CM . . .
. Volume XIV Number 9 . . . .December 21, 2007
Davide Cali. Illustrated by AnnaLaura Cantone. Translated by Marcel Danesi.
Toronto, ON: Tundra Books, 2008.
32 pp., hardcover, $22.99.
Kindergarten-grade 3 / Ages 5-8.
Review by Gregory Bryan.
I'll make a robot mom! Mama Robot would never be at her desk. She'd spend all her time with me. She'd always take me to school. I'd be the only one who has a real robot for a mom.
When a young boy feels that his hard-working mother is neglecting him, he starts to imagine how wonderful it might be to have a robot mother. After all, a robot mother would complete his homework for him, cook only the foods that the boy liked, let him stay up late to watch scary movies, and, best of all, she would never yell at him.
Davide Calž originally penned the imaginative, playful text for Tundra Books' Mama Robot in Italian. Translated by Toronto's Marcel Danesi, the text juxtaposes the potential of a robot mother against the reality of a flesh and blood mother. Children will enjoy imagining additional possibilities were they able to construct their own mama robot. On the other hand, the mothers who share this book with their children will merely shake their head and scoff at the idea of their children being able to survive (let alone thrive) without them!
In what I suspect is a nod toward the femininity of motherhood, throughout the book, there is an intriguing use of the colour pink. Whether it is lavishly splashed on some pages or subtly, discretely edged onto other pages, and whether it is vibrant and gaudy or softly muted, AnnaLaura Cantone's use of pink is one of the fascinating features of the illustrations. The pink touch provides an interesting contrast to what is otherwise a largely drab, even sombre, palette. There is also an interesting use of lines throughout the artwork, particularly vertical lines. In some places, the lines are thick, and in other places, wispy thin. Some lines are ruler straight, but others are haphazardly sketched. In many places, the lines are prominent in the foreground, while elsewhere they are subtly imbued into the background. Regardless, the vertical lines are a feature of each image. These contrasting uses of pink and of lines are a perfect complement to the text in that they reflect the contrast between a cold, hard, mechanical robot and a real mother who has concern for her child and is able to share a loving embrace and kiss.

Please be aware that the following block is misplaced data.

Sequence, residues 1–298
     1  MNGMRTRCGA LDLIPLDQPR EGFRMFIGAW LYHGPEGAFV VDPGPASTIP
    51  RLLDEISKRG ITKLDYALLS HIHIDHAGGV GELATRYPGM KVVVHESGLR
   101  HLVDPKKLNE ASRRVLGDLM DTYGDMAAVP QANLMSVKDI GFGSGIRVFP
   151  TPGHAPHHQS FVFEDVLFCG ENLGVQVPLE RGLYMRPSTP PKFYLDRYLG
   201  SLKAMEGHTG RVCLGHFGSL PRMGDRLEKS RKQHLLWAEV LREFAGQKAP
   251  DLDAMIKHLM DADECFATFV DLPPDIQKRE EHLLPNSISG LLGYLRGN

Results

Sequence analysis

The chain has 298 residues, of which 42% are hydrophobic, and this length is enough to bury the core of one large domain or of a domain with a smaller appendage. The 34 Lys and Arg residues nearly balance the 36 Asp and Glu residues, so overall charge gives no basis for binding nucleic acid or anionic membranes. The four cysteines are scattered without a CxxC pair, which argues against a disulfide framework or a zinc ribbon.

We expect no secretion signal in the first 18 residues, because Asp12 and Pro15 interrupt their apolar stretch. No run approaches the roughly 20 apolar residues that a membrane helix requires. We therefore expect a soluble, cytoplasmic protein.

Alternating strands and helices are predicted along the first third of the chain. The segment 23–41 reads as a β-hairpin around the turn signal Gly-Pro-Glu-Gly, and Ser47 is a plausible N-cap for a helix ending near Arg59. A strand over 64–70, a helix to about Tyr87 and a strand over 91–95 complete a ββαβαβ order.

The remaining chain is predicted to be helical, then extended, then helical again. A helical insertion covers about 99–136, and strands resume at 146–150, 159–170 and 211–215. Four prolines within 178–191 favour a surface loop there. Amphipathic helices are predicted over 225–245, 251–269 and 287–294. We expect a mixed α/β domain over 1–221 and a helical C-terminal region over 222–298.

Cantone demonstrates her artistic ability in that she has managed not only to work in conjunction with, but also add so much to, the text. Having said this, however, I confess that I find the illustrations intriguing, rather than particularly appealing. As a matter of personal taste, I do not like the stylized, somewhat caricatured forms employed in the book; however, this review should make it clear that I recognize the quality of the illustrations and the skill necessary for their construction.
One further book feature worthy of note is the presentation of the text. The font selected for the text has a mechanical appearance to it, deliberately consistent with the notion of a robot mama. It is further evidence of the consummate marriage of words and art achieved here by Tundra Books.
Gregory Bryan teaches children's literature at the University of Manitoba. He is very happy with his own mother, thank you very much.
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